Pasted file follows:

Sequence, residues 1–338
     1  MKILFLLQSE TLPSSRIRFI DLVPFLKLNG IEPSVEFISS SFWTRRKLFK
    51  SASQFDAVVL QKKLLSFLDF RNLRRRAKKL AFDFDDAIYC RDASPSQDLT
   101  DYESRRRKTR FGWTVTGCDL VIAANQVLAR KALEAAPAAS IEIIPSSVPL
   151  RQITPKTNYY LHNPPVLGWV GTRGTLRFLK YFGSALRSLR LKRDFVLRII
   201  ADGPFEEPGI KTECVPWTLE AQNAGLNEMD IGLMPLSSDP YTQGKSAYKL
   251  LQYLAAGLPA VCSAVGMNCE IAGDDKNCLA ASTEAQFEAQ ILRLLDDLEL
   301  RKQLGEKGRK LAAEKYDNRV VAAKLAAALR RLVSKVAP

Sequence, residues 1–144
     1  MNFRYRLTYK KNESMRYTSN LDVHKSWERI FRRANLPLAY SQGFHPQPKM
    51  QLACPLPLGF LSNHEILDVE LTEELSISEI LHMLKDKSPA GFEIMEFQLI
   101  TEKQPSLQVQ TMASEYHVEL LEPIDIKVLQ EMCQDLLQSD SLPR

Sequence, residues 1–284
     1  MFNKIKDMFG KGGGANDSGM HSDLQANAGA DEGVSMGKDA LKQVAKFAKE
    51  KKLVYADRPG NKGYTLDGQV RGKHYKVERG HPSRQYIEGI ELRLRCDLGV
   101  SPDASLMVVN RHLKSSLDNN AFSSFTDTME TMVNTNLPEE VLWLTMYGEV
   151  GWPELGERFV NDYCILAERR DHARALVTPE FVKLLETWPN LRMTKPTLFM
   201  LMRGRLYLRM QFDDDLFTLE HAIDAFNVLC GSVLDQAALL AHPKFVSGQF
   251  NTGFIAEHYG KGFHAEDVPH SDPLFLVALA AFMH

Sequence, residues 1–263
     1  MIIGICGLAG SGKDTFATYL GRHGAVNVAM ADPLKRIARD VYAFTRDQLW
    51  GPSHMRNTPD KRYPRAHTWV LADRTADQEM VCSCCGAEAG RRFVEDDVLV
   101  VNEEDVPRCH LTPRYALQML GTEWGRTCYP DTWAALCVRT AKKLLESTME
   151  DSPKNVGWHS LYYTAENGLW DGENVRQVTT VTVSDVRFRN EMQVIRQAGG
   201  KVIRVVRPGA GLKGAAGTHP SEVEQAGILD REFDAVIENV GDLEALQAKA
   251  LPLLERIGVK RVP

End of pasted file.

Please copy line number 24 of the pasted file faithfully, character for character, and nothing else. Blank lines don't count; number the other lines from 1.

   151  DSPKNVGWHS LYYTAENGLW DGENVRQVTT VTVSDVRFRN EMQVIRQAGG